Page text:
Our Solution
Developing ground-breaking solutions in the fight against chronic lung disease in babies.
Our Solution
Surfactant SP-D is a natural anti-inflammatory defence protein found in the lungs. This protein is deficient in the lungs of premature neonates (and also adults with severe asthma and Chronic Obstructive Pulmonary Disease - COPD). We have developed a novel way to produce the functional part of SP-D. We believe that treatment with a novel version of a recombinant fragment of human SP-D (known as rfhSP-D) will prevent the development of neonatal chronic lung disease.
We breathe in 10,000 litres of air every day. Our expansive lung surface, the area of around half a tennis court, is therefore exposed to a vast amount of infectious viruses, bacteria and other pathogens, alongside allergens and nanoparticles. It is essential that the lungs remain free from infection and inflammation to allow efficient breathing. SP-D is a natural defence protein which neutralises viruses and bacteria and stops lung infection, whilst clearing allergens and nanoparticulates and preventing inflammation. It is a major part of the human defence system against infection. SP-D is also important for the rapid removal of dead (apoptotic) cell debris from the respiratory tract. Thus SP-D is important for maintaining an infection free, non-inflamed healthy lung, and this is essential for lung function. Unfortunately, SP-D is known to be deficient in lungs of patients developing neonatal chronic lung disease (nCLD), in those with severe asthma and COPD. There is also a direct correlation of low SP-D levels with progression of nCLD. Replacement of this deficient natural protein may restore the lungs of these patients to a non-inflamed state and thus restore lung function or prevent the progression of disease.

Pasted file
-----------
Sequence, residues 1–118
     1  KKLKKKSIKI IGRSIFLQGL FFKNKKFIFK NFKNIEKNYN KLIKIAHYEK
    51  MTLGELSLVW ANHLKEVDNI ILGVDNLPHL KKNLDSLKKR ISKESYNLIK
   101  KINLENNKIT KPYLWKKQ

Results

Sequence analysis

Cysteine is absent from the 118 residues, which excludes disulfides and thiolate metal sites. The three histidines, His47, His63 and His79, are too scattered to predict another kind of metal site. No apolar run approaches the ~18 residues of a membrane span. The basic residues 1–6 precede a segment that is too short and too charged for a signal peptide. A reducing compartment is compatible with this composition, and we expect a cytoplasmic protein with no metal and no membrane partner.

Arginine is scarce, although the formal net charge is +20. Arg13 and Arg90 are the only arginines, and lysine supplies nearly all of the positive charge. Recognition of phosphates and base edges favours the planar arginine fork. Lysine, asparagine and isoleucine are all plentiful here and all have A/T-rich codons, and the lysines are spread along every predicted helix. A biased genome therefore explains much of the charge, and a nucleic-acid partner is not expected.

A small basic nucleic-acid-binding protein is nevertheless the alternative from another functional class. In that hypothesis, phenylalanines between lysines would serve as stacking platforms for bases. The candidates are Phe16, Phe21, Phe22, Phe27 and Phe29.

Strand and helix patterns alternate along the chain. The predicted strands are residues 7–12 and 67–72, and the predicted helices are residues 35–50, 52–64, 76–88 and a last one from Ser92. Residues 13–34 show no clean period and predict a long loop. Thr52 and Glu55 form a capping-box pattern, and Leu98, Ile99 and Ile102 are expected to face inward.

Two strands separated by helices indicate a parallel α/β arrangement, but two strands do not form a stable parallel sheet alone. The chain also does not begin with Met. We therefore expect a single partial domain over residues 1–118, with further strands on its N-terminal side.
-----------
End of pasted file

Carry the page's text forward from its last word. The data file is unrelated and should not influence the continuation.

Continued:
Roles and functions of SP-D
Clinical studies in preterm neonates show that low SP-D levels are linked with increased risk of developing nCLD, consistent with data from animal models of BPD. Treatment of lung inflammation has confirmed the anti-inflammatory role of SP-D in infectious, allergic and ventilation induced lung injury models. The recombinant fragment of human SP-D which we have generated, mimics the natural function of the native human protein in a wide range of models including those directly relevant to mechanisms important in the development of neonatal chronic lung disease.
rfhSP-D consists of two parts, the anti-inflammatory functional binding domain and the trimerising neck region of the full length molecule. rfhSP-D lacks the majority of the collagen domain. Whilst maintaining many of the functions of the native protein, development of the fragment has many advantages as it is:
  • Functional as an anti-inflammatory
  • Easier to manufacture in high yields
  • Easier to handle as it is extremely soluble, does not aggregate
  • It can by lyophilized or frozen/thawed
  • Produced as a trimer and does not oligermerzie like the full length molecule
Development of this fragment thus now makes it feasible for developing an SP-D based protien for prevention of lung diseases. This molecule is well characterised both structurally and functionally (in-vitro and in relevant pre-clinical models). We, and others, have clearly demonstrated that rfhSP-D protects the lung against infections and other noxious stimuli, and prevents chronic inflammation and the development of emphysema and fibrosis, which are the key pathological features of nCLD.
rfhSP-D Structure
Development stage of rfhSP-D
We are currently in an advanced preclinical stage, undertaking the development of a GMP manufacturing process. We will then begin clinical studies in pre-term infants.
Orphan designation and regulatory status
We expect to apply for Orphan drug status with EMEA and FDA.